The Tamar Valley: London’s sylvan links with Buckland Abbey

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Buckland Abbey, Tamar Valley, Devon, November 2019

At last the rain has stopped. Buckland Abbey, once home to Sir Frances Drake (1540-1596), climbs out of its nook in the hillside, reflecting the stony skies above. Drake is known for ‘his’ ships which battled the Spanish Armada in the 1500s, for circumnavigating the earth and for his role in the slaughter of civilians on Rathlin Island in 1575.

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I first heard about him from spending time in south-east London’s remnant ancient woodland known as Great North Wood. It is said that some oaks grown in the Great North Wood were taken to the docks at Deptford and used in the building of some of Drake’s ships. It has never been verified. One thing that was verified at Deptford was Drake’s knighthood in 1851, on the ship named the Golden Hind, something I only learned at Buckland Abbey.

The fields around the Abbey are pocked by small cream sheep that run like chickens as we pass them on the track. In the distance the dammed River Tavy reflects the sky again, the dark woods flowing across the slopes to where the river enters the Tamar. Looking at the Ordnance Survey map, something stands out. To the north-west is a large woodland named The Great North Wood.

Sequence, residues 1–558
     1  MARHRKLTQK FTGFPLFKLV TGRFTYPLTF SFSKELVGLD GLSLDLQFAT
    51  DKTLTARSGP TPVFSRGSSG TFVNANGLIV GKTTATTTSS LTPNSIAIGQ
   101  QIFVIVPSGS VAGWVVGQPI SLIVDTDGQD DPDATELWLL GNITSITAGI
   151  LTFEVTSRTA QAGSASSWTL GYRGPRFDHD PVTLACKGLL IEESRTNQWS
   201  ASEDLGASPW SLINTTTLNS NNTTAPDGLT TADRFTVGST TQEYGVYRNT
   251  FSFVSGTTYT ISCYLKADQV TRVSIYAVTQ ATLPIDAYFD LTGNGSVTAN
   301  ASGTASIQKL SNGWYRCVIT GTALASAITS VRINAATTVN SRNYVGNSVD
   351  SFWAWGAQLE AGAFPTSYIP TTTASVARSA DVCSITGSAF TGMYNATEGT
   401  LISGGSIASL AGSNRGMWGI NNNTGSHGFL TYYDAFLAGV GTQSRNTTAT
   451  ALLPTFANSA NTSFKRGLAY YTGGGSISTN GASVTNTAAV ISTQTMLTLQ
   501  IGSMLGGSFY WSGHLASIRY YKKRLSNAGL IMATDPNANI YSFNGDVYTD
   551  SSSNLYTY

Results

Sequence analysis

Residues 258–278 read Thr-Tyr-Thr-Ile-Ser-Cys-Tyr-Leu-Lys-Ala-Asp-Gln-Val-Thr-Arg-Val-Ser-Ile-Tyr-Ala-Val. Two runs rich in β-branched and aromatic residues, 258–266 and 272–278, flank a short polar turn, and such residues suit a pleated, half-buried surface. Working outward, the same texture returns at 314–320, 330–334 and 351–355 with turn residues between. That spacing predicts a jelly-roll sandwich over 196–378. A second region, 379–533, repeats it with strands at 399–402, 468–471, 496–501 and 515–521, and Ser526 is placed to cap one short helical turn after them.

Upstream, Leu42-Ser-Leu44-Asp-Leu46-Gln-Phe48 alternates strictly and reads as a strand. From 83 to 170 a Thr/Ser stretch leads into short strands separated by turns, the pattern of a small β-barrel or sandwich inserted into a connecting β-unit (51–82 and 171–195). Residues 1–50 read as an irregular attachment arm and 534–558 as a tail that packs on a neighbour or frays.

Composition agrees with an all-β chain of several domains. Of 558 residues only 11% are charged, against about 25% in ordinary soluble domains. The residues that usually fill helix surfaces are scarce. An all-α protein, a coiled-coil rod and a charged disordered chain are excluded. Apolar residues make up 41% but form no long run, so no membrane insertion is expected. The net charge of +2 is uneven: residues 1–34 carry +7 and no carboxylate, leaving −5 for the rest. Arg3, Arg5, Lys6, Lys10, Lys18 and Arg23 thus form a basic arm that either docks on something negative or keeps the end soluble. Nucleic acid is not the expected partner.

BucklandAbbey_OS
Ordnance Survey © Crown Copyright 2019 and/or database right 2016. Licence number 100043379

Could this be simply because it’s so large, or because of Drake’s links to that area of south London? The name is said only to have been popularised in the Victorian period and could have been given to differentiate the once vast area of woodland to that of the Weald that covered most of south-east England in the Anglo-Saxon period. Perhaps this local wood was also named by residents of the Abbey in the 1800s.

Redwings are established now, flocking in the fields. I hear my first fieldfare chuck-chuck-chucking over the Abbey. Down in the woods beech trees burn even without the aid of sunlight. They brighten the most glowering corners. Hazels are yellowing and even the odd wych elm with its almost bulb-bright leaves. It’s here saying, ‘don’t forget about me.’ Many elms have gone, but wych elm survives.

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The rain threatens specks again as the light, if you can call it that, dwindles further. In a combe of a field a grey heron flaps its wings, either a slice of Buckland Abbey’s grey exterior breaking free, or a slither of sky lending itself south, to the glassy Tavy for the night.